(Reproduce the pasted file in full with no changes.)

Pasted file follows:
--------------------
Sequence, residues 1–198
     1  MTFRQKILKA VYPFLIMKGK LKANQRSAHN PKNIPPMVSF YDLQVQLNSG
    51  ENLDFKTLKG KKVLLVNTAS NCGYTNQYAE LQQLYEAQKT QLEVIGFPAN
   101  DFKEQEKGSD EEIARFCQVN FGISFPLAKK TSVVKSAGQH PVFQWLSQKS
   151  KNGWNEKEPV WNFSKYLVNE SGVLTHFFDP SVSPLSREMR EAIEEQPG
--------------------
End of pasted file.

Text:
Sequence, residues 1–198
     1  MTFRQKILKA VYPFLIMKGK LKANQRSAHN PKNIPPMVSF YDLQVQLNSG
    51  ENLDFKTLKG KKVLLVNTAS NCGYTNQYAE LQQLYEAQKT QLEVIGFPAN
   101  DFKEQEKGSD EEIARFCQVN FGISFPLAKK TSVVKSAGQH PVFQWLSQKS
   151  KNGWNEKEPV WNFSKYLVNE SGVLTHFFDP SVSPLSREMR EAIEEQPG